I write this blog under the influence of cider given to me by the lady who cleans my classroom. I don’t drink during the weekdays but it is the penultimate week before the end of the year and we are starting to wind down – aren’t we?
Just because we are winding down, doesn’t mean that we can give up doing what we do. Would you accept the fact that the decorator used a slightly different shade in the living room on the last day of a decorating job, or that a surgeon didn’t quite suture you up as cleanly as he would have done at the beginning of his shift? Of course we are easing of the pedal at this time of year, assessments are done, reports have been submitted and even the walls are starting to be ripped down ready for the new year. However, lessons (in whatever guise) continue to take place; I still have another four English and Mathematics lessons left to teach!
In actual fact, one of the best pieces of sage advice that I received from my ATW was to “Keep the children on timetable for as long as possible; there are enough distractions [sports days, end of year productions and celebrations] to wind the children up!” I also accept that we are all exhausted (I have had two days where I have had over ten hours sleep as opposed to the usual five/six), but I still feel passionate about maintaining engagement and giving the children opportunities to learn.
Meanwhile, there are some teachers who think it is ok to provide children with tasks that barely relate to taught subjects, let alone support the intended learning objective. We are all guilty, some more than others, of searching the internet for an activity relating to the unit of work we are teaching and then form the lesson around the activity, but does this always work? I have always found it tricky teaching from another person’s plan, but, if I didn’t support the team planning we have in school, I would be buried under inordinate amounts of unnecessary planning. When you plan as a team however, you can speak to your teaching partner, you can discuss the teaching and learning and, when you know them well, you can usually second guess their thoughts. When you teach from a plan that you have downloaded the previous night however, you are faced with a level of uncertainty and insufficient knowledge of previous learning, and so, are unable to provide quality first teaching.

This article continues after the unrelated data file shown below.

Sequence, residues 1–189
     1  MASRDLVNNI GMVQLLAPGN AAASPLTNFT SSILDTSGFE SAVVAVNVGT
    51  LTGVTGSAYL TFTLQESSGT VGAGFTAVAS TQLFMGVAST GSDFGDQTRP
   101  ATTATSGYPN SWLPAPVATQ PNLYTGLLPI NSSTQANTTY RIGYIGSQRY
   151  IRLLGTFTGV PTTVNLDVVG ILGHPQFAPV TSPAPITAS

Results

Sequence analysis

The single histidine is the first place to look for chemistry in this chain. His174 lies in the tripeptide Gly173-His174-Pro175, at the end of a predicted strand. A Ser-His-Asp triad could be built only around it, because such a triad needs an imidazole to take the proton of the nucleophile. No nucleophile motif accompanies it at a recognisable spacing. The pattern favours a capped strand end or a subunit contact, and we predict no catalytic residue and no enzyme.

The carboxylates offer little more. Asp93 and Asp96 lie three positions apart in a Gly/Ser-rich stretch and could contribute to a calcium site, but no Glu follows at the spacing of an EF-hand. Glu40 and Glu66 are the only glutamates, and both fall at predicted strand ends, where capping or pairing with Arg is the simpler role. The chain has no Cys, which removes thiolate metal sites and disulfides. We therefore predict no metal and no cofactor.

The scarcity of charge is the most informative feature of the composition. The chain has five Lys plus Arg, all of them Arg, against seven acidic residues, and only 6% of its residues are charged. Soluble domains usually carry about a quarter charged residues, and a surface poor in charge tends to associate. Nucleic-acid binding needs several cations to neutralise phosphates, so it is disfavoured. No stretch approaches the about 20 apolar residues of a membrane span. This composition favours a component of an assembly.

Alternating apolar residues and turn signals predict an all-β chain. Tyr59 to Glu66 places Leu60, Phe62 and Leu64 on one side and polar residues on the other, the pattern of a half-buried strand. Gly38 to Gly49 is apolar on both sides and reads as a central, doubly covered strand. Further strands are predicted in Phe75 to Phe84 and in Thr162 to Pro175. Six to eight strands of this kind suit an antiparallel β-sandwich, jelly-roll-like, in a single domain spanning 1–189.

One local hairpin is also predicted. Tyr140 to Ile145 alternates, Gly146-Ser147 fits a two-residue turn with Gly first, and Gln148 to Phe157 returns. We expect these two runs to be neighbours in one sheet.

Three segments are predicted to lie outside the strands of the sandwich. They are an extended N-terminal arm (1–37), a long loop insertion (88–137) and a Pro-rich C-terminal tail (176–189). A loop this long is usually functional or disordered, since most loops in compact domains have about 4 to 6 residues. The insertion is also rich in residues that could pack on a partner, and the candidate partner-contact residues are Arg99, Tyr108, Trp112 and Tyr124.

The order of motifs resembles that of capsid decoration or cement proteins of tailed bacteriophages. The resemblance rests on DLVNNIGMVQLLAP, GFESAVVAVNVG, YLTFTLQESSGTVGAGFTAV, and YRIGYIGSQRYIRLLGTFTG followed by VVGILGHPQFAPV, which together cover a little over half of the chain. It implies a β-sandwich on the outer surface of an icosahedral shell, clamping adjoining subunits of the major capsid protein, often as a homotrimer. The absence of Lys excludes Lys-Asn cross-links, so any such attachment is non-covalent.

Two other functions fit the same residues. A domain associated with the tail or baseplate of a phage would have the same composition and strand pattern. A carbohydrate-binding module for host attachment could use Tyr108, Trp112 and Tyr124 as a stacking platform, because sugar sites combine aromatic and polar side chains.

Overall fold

There are many great resources available from some fantastic free and fee paying websites, of which I have contributed to and drawn from, but it is most important that we make sure that we use them to support our teaching and not guide our teaching. In other words, don’t make the teaching fit the resource, make the resource fit the teaching.